(Repost from RPG.SE, per the community's suggestion.)
A friend recommended I post this question here - said I'd be more likely to get a useful response than, say, from Reddit.
My question is: How would a nuclear explosion operate in the vacuum of space?
Battlestar: Galactica and Mobile Suit Gundam SEED both portrayed nuclear weapons (or fusion/fission technology in general) in an outer-space environment. In one episode of BS:G, the Galactica gets nailed by a thermonuclear warhead that managed to penetrate its curtain of defensive fire, but (to my surprise) the ship survived being crippled or destroyed outright.
I've been digging into a tabletop RPG system called Mongoose Traveller over the last few months. Its hard science fiction approach reminds me of The Expanse. The more I dig into it, I find myself daydreaming about the reality of combat in space. No atmosphere to conduct sound, so combat is mostly quiet; ship attack from long distances takes minutes, even longer at extreme ranges. Combat in a hard-sci environment takes on some qualities I'm not used to in most sci-fi settings, and I like it.
So, what about explosions, especially and specifically ones from fission warheads? I have a few specifics I'd like to get some insight on:
- How would a vacuum affect a nuclear explosion (or, really, any explosion)? Would the lack of atmosphere cause it to snuff out sooner? For a nuclear blast, which stages of the detonation/fallout would experience significant change? Would the effective blast radius be likely shrink or expand?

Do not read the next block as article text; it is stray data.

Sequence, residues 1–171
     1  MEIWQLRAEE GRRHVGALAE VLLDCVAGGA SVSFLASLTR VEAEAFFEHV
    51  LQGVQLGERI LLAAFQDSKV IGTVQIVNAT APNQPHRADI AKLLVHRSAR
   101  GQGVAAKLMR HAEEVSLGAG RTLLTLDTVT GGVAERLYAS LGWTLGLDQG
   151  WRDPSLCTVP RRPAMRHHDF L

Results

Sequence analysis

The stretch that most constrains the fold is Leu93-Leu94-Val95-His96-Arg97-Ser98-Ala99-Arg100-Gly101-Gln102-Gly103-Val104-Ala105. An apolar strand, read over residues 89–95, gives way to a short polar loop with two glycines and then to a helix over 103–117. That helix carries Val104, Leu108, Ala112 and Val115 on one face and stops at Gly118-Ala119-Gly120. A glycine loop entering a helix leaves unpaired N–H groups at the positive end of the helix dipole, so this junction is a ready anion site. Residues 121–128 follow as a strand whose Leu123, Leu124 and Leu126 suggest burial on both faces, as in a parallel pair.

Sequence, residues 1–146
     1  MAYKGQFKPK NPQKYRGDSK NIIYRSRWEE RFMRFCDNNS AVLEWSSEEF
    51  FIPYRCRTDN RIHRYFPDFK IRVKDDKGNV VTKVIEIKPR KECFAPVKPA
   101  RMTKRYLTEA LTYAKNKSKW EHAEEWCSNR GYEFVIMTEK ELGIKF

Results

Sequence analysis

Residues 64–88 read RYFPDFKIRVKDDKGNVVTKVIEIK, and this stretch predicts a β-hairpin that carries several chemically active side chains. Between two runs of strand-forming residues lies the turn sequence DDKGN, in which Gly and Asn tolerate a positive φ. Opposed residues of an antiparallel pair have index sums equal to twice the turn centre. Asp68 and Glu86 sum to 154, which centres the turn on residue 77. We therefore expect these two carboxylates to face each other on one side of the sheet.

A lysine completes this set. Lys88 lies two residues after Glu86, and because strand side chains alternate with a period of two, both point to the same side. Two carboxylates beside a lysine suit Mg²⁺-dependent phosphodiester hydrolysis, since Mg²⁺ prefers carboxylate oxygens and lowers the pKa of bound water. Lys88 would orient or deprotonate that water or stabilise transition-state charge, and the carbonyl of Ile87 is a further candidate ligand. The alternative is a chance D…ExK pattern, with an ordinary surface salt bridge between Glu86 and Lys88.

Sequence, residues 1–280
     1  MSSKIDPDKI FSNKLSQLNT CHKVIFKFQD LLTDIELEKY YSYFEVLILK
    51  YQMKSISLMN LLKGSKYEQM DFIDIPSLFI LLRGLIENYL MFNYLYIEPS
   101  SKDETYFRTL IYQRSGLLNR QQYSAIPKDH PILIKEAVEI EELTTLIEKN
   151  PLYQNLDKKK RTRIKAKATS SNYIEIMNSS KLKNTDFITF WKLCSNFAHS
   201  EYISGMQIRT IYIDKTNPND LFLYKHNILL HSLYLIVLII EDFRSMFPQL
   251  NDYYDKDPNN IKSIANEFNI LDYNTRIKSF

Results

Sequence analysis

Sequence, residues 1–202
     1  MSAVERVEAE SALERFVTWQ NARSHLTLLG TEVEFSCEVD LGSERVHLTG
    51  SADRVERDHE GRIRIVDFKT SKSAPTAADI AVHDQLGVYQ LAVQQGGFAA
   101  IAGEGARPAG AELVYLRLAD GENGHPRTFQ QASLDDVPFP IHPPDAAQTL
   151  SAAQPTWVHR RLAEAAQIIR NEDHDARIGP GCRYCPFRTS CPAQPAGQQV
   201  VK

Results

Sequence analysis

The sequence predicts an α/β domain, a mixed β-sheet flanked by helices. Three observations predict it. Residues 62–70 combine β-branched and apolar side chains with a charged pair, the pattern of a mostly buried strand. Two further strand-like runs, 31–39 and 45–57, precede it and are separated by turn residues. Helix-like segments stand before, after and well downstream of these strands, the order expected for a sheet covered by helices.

- Would the shockwave from a nuclear blast travel far through a vacuum, or would it exist at all? In general situations, I believe you'd see an explosion but hear and feel nothing; with something of this magnitude, is that still true? Is space truly a vacuum through which nothing can transmit?
- Traveller considers radiation exposure in open space as fairly harmful over short periods of time; without the proper shielding, space travel over long periods of time is extremely hazardous, and space walks without protective layering are reckless. Would the radiation released from a nuclear explosion be more or less considerable in a vacuum?
I appreciate your consideration, and any insightful answers (or even hypothesis) would be fantastic. I don't know much about physics really (outside of the enjoyable what-ifs I read from xkcd!) so I'm at a loss.